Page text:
Top 10 Native Tribes Who Have Faced Extinction

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Illnesses, such as Tuberculosis and Smallpox, wars with Europeans and interactions with whites led to the decimation and extinction of numerous native tribes across the world. Several tribes amalgamated with other tribes, while others became extinct with time. Here are the prime 10 Native Tribes which have faced extinction after European contact.


1. Beothuk Tribes:

The Beothuk was a dark and tall Native tribe with black hair and dark eyes. They lived for a huge number of years prior to the Vikings in present day Newfoundland. When Europeans under the leadership of John Cabot started exploiting lumber and fish inside the location, the Beothuk were  forced out of their land. The worry of white individuals, tuberculosis and malnutrition decimated the population by 1700s.
By the beginning of the 19th century, the Beothuk were reduced to a small refugee population living along the Exploits River system and attempting to subsist on the inadequate resources of the interior. Although a succession of Newfoundland governors had, since the middle of the 18th century, attempted to establish friendly contact with the Beothuk, it was probably too late to change a pattern which had existed for perhaps 250 years. Shanawdithit, the last known Beothuk, died in St. John’s, Newfoundland in 1829.


2. Karankawa:

They were a group of Native Americans, who played an integral part in Texan history. Disease, conflicts with Europeans and loss of territory led to their extinction. The tribe had a significant role in the Texas War of Independence as they sided with the United States over Mexico.


3. Mandans:


Smallpox, war and treaties signed with United States of America contributed to Mandans’ extinction. By 1837, their population was decimated to 125 men and women together with the outbreak of smallpox, which they were never immune to. In 1934, the Mandans merged with two other tribes together under the Indian Reorganization Act. The final pure Mandan died in 1971. The Mandans lived in the forests along the Missouri River within the western land now referred to as North Dakota. The Mandans were overall farmers and grew beans, corn, squash, and sunflowers. Many other Mandans were also buffalo hunters. Their way of life was determined by the buffalo hunt.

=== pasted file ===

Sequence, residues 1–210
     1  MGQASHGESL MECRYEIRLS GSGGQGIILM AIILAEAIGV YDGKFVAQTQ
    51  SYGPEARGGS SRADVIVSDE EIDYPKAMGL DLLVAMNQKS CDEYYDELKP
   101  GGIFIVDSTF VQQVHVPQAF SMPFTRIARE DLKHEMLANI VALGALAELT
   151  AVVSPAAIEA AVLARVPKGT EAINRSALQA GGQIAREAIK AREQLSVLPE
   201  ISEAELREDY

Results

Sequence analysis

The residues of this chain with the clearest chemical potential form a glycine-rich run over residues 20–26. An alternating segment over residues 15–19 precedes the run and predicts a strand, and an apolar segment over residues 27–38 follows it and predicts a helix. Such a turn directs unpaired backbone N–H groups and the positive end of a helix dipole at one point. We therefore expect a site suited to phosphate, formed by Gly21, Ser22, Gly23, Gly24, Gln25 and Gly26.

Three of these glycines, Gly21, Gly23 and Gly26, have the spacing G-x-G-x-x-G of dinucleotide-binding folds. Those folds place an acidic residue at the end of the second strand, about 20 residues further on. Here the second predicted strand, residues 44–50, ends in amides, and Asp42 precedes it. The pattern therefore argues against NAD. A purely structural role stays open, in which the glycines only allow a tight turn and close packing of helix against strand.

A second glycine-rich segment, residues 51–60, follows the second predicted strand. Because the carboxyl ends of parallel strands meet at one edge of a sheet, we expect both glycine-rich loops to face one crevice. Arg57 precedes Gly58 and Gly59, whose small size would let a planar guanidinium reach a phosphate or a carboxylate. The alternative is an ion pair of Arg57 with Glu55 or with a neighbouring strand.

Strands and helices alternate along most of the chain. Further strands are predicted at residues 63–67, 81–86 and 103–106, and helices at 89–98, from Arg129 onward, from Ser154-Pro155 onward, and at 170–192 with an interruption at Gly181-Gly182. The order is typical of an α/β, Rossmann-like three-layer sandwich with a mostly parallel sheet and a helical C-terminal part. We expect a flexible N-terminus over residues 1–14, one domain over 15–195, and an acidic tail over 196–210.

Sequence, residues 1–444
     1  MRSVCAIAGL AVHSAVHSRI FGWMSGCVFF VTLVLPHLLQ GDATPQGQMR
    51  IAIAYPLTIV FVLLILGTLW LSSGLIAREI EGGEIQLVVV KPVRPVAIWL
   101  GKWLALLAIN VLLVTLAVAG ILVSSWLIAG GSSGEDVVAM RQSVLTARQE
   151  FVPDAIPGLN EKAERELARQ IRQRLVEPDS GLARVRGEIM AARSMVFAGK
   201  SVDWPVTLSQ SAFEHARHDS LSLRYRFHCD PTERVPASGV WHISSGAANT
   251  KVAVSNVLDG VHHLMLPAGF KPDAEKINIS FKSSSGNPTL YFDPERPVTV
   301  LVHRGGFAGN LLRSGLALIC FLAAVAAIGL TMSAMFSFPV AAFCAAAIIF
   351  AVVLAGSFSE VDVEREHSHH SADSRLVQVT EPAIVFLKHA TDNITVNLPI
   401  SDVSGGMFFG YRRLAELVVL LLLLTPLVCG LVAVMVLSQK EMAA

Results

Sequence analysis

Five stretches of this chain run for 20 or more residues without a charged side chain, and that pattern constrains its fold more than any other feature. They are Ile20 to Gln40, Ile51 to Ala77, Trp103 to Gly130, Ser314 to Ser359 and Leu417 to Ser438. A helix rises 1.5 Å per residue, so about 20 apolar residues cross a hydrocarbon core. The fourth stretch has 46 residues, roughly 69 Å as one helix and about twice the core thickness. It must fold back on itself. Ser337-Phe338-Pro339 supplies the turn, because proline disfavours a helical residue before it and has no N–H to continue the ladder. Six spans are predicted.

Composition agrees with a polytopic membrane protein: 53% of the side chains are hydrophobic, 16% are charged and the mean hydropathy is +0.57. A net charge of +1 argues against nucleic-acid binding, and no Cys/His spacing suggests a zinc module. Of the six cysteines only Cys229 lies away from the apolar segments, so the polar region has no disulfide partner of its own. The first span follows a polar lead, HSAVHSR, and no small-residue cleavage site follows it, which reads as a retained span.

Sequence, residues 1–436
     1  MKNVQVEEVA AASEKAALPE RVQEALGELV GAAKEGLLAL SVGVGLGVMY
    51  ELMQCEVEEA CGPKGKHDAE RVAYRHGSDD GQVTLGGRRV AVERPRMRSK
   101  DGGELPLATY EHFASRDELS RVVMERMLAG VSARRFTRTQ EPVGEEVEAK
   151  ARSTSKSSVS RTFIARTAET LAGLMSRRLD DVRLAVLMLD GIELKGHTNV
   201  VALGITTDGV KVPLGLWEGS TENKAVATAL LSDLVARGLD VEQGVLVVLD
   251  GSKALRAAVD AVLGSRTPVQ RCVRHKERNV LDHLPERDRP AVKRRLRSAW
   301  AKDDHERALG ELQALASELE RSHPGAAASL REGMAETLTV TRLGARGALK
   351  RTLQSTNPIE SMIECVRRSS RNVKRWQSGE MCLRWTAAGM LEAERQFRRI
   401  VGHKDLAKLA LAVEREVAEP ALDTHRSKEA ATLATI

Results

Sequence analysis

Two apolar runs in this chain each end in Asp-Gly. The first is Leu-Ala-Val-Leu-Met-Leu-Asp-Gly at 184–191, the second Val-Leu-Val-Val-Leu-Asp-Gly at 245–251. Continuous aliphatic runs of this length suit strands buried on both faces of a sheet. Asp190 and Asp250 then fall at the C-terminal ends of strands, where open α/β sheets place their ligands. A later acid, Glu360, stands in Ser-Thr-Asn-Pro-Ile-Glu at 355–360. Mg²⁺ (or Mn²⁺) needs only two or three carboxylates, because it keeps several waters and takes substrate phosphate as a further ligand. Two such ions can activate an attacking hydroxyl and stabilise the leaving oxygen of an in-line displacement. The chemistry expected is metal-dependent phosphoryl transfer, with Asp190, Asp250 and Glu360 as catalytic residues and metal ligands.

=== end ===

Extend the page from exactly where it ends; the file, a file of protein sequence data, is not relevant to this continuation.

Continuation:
The Mandans lived in a circular type of residence known as a lodge. Each lodge was built over a shallow pit and covered with sod. Sod is earth; reduce into blocks or mats that are certainly held collectively by the grass and its roots. Many households lived in each lodge. At times as lots of as 60 people with their dogs lived in one particular lodge. In the center of the lodge was a fireplace beneath a hole within the roof. The hole let out smoke in the fire. Along the outer walls in the lodge were beds for every loved ones.


4. Chisca:

The Chisca were a tribe living in eastern Tennessee and southwestern Virginia. When waging wars against Europeans especial Hernando deSoto, the tribe was initially successful. They were, however, defeated by Juan Pardo of Spain. In the late 1700s, the tribe combined with the Shawnee under the name Chaskepe. By 18th century, they Chisca were extinct and their towns were burnt down by colonists.


5. Hachaath:

Previously living on Vancouver Island and Barcland Island, they were part of the Nootka group of tribes. Contact with Europeans and smallpox is blamed for their extinction.


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